A Bell-Krater by the Christie Painter

By: E. H. D.

Originally Published in 1936

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SOME years ago Professor Alfred Mansfield Brooks of Swarthmore College had the good fortune to discover in the public market of Canterbury, England, the red-figured vase shown in Plate VII. He has very generously lent the vase to the Museum, where, since it was put on exhibition in the Sharpe Gallery, it has attracted the interest of art students and archaeologists, as well as of the casual visitor.

The vase is preserved intact, without a crack, but the black glaze which serves as ground for the design has suffered here and there some small damage.

A bell krater showing three mostly nude figures, one holding a sword, one playing pipes, and one with a staff
Plate VII — Bell-Krater by the Christie Painter, Obverse
Image Number: 2972

Kraters for mixing water and wine are known in every period of Greek vase-painting, but it is only just after the middle of the fifth century before Christ, in about 440, that this type of bell-krater with horizontal handles and simple foot was in vogue. This date is confirmed by both the subject and style of the pictures. On the obverse (above) are three revellers, not frenzied by wild orgies after the manner of maenads and satyrs, but discreetly keeping step to the tune played by the flutist in the center. The leader of the trio carries a torch to light the way. The man on the left carries a staff; his right hand is on his hip, his head slightly raised in the attitude in which singers are often depicted. All three boys wear fillets in honor of the celebration to which they are going or, more probably, from which they are returning. On the reverse (below) are three figures draped in himatia with their right shoulders bare. On the field is painted a pair of jumping-weights to show that the conversation takes place in the palaistra. The style of both pictures is competent and pleasant, but not in the grand manner of earlier days. The vase is roughly contemporary with the Parthenon sculptures, but vase-painting had run its course somewhat earlier than sculpture and in the tranquil days which preceded the Peloponnesian war vase-painters were walking the ways of pleasantness.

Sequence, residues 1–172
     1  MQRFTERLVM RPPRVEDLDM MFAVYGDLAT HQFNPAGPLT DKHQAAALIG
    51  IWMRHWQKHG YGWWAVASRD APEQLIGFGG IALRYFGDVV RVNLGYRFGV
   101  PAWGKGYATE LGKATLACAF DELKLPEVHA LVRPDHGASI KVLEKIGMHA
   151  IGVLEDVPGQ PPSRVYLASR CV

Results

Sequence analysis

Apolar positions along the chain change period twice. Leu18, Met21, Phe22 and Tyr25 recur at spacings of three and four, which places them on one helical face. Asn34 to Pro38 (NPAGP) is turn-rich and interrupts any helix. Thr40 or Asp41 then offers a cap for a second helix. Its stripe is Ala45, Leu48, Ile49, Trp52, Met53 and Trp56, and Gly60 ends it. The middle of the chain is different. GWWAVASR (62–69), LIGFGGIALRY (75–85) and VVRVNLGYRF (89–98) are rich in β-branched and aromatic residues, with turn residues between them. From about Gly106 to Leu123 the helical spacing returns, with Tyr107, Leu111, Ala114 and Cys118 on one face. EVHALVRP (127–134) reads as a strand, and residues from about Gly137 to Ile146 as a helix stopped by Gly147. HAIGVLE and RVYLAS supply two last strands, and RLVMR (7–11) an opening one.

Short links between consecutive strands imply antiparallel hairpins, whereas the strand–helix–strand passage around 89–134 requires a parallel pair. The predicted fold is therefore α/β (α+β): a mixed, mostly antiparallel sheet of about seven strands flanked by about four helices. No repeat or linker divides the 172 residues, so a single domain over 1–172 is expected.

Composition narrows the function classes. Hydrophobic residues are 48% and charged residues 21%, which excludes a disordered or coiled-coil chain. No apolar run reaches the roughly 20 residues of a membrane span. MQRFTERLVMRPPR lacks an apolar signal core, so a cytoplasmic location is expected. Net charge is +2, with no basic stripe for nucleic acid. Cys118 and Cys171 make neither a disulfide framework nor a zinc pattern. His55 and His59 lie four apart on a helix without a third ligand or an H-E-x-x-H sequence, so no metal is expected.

If now we try to ascertain the painter of this vase, we find in Till-yard’s catalogue of the Hope Vases another bell-krater (no. 138) which closely resembles ours. In its obverse picture are again depicted three revellers, the central one a flutist, the leader looking back with his right hand extended, exactly as on our vase, the last of the trio a singer. The manner in which the himatia are worn loosely about the shoulders is quite the same. On the reverse are repeated the three draped figures with their right shoulders bare. Exactly similar, also, to the patterns on our vase are the laurel wreath below the rim, the pattern of three maeanders broken by saltire squares below the pictures, the egg-pattern below the bases of the handles. There can be no doubt that the two vases are painted by the same hand. Professor Beazley of Oxford has named the artist who pointed this companion piece to our vase the Christie Pointer after its present owner, and to the same hand has ascribed twenty vases. Professor Brooks’ vase makes the twenty-first to be identified as the work of the Christie Painter. Professor Beazley has kindly confirmed this attribution.

A bell krater showing three figures in draping garments conversing, one leaning on a staff
Plate VII — Bell-Krater by the Christie Painter, Reverse
Image Number: 2973

The suspicion arises that the Brooks vase may also have belonged at one time to the Hope collection at the Deepdene and somehow strayed thence to the small shop where it was purchased. If so, it is interesting to recall that the Hope vases catalogued by Tillyard represent the second collection of Greek vases assembled by Sir William Hamilton, British Envoy and Plenipotentiary at the court of Naples. Many vases in this collection were drawn at Naples by Tischbein, but not all. After the rise of Napoleon, Hamilton decided that his vases would be safer in England and had them packed in twenty-four cases and shipped on the Colossus, which, however, was shipwrecked off the Scilly Isles with the loss of a third of the vases. The remaining two-thirds were later bought by Thomas Hope in 1801, who subsequently sold some of the vases in his collection and added others. It is thus impossible now to trace our vase to the Hope collection and still more so to the collection of Sir William Hamilton, especially as it does riot appear among Tischbein’s drawings, whereas its companion piece in the Christie collection was drawn by Tischbein. But the close correspondence between the two vases and the fact that the Brooks vase was offered for sale in a town so near to the Deepdene, the country seat in Surrey of the Hope family, lends considerable probability to the supposition that Professor Brooks’ vase also belonged once to the famous Hamilton collection in Naples.

E. H. D.

Cite This Article

D., E. H.. "A Bell-Krater by the Christie Painter." Museum Bulletin VI, no. 4 (May, 1936): 126-128. Accessed July 23, 2024. https://www.penn.museum/sites/bulletin/1831/

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